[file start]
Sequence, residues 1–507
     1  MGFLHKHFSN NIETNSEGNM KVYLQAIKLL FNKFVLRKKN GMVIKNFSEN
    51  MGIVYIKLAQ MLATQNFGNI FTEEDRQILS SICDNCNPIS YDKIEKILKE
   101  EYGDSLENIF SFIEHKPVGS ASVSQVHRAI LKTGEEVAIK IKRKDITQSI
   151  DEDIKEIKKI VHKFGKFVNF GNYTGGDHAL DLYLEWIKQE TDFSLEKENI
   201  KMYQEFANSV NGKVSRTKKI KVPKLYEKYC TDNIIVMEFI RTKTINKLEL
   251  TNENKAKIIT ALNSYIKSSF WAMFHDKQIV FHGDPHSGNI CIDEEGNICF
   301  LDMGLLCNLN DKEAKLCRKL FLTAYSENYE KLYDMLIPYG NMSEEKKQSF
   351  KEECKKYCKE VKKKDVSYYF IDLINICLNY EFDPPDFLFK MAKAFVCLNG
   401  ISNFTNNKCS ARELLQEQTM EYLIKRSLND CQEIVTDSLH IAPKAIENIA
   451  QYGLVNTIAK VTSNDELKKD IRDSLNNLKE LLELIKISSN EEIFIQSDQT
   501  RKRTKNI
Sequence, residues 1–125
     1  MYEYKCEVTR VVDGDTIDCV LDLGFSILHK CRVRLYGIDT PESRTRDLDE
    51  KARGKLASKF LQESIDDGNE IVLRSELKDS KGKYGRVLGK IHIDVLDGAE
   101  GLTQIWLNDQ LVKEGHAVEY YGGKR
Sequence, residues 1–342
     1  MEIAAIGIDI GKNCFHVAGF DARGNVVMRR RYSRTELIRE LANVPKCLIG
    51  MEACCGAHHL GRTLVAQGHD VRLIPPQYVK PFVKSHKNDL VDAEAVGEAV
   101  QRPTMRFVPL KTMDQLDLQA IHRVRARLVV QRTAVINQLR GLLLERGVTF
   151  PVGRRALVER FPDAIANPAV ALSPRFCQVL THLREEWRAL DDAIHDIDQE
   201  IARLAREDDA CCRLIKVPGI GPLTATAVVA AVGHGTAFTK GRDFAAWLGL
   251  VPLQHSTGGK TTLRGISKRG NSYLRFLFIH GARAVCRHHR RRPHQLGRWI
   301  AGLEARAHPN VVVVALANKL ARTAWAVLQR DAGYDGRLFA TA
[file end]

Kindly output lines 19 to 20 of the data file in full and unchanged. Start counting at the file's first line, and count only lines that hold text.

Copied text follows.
    51  MEACCGAHHL GRTLVAQGHD VRLIPPQYVK PFVKSHKNDL VDAEAVGEAV
   101  QRPTMRFVPL KTMDQLDLQA IHRVRARLVV QRTAVINQLR GLLLERGVTF